to concentrate and let the accompanist know (for example by nodding slightly towards him/her)
that you are ready to start.
– Connect with the words and music and perform as if you were singing alone and
just for yourself.
– You may use your hands and arms to emphasize your words and do facial expressions,
but you are not supposed to wander around or act excessively. Close your eyes if you want,
yet do not keep them shut for too long. After all, your eyes are an important factor in your
– As far as pronunciation is concerned: spit out your words! If you think you are overdoing it,
this is when you have reached the point to articulate understandably.
– When your part is over, do not relax to soon but hold the tension for a few seconds longer to
keep up the energy.
– Maybe you will be asked to sing a second aria. Then go ahead and do what is requested!
Maybe you receive a “Thank you, you will hear from us.” In that case stay polite, bow, say
“Thank you” and leave the stage with your head held high.
– Never, ever excuse yourself! No one is interested in your personal matters, your sore throat
or your lack of sleep due to nerves. Always act professionally.
#10 And now?
When we break it down, there are four possible outcomes:
A) You were not satisfied, and the director was not satisfied.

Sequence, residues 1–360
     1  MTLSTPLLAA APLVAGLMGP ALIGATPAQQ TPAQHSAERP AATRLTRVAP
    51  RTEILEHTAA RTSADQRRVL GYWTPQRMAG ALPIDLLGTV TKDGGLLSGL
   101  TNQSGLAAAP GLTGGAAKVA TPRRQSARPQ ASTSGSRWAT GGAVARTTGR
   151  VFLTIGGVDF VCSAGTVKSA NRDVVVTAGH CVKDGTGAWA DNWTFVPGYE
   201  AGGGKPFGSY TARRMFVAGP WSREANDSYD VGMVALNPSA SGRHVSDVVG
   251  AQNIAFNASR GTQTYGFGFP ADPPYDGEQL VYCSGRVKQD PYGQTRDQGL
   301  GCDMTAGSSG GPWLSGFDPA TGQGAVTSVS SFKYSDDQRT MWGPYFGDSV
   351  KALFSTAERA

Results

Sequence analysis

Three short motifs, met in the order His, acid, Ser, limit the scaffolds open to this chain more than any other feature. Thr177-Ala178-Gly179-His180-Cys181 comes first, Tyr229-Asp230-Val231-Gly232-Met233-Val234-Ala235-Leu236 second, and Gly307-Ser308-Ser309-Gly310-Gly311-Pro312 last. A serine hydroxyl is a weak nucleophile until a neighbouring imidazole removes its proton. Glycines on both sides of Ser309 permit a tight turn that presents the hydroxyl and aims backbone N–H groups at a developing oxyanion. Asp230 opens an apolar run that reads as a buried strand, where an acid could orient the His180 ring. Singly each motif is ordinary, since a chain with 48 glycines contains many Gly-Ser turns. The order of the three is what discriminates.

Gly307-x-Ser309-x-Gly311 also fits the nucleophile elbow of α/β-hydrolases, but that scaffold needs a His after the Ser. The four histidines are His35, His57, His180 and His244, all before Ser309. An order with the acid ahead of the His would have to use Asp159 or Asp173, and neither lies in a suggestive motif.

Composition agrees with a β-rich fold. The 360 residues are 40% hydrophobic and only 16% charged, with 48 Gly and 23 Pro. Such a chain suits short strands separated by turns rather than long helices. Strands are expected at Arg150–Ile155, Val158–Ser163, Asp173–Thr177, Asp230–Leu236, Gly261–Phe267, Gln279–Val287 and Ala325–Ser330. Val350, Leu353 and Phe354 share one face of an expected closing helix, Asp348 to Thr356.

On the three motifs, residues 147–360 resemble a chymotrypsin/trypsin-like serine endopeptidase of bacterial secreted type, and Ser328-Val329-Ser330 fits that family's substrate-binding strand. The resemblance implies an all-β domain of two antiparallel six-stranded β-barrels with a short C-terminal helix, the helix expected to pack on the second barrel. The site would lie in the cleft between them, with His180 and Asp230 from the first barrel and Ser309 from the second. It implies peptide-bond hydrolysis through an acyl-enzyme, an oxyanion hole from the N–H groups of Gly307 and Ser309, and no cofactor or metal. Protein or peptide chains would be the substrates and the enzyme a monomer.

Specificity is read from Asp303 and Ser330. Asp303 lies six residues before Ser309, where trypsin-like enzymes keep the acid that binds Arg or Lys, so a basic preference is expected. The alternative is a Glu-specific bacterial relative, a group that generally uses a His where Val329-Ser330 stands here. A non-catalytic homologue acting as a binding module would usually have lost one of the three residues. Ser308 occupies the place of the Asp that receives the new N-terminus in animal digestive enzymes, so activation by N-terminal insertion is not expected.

In that case you go back, lick your wounds and analyse ruthlessly your mistakes or flaws.
Make a plan of all the issues you want to work on and the steps you will be taking
in order to achieve what you intend to. Then put your plan into action:
Work with your teacher on your vocal challenges or look for a teacher if you
haven’t got one; hire an excellent pronunciation coach who helps you to improve
your diction and to understand every word of your arias so that your performance
will reach a new level. And then try it again. There is always a next audition.
B) You were satisfied, but the director was not satisfied
Be very honest with yourself: was your performance the best you could do and
were you really satisfied with it? If your answer is yes and you still did not get the
role then maybe you did not fit into it for other reasons but your voice. As you know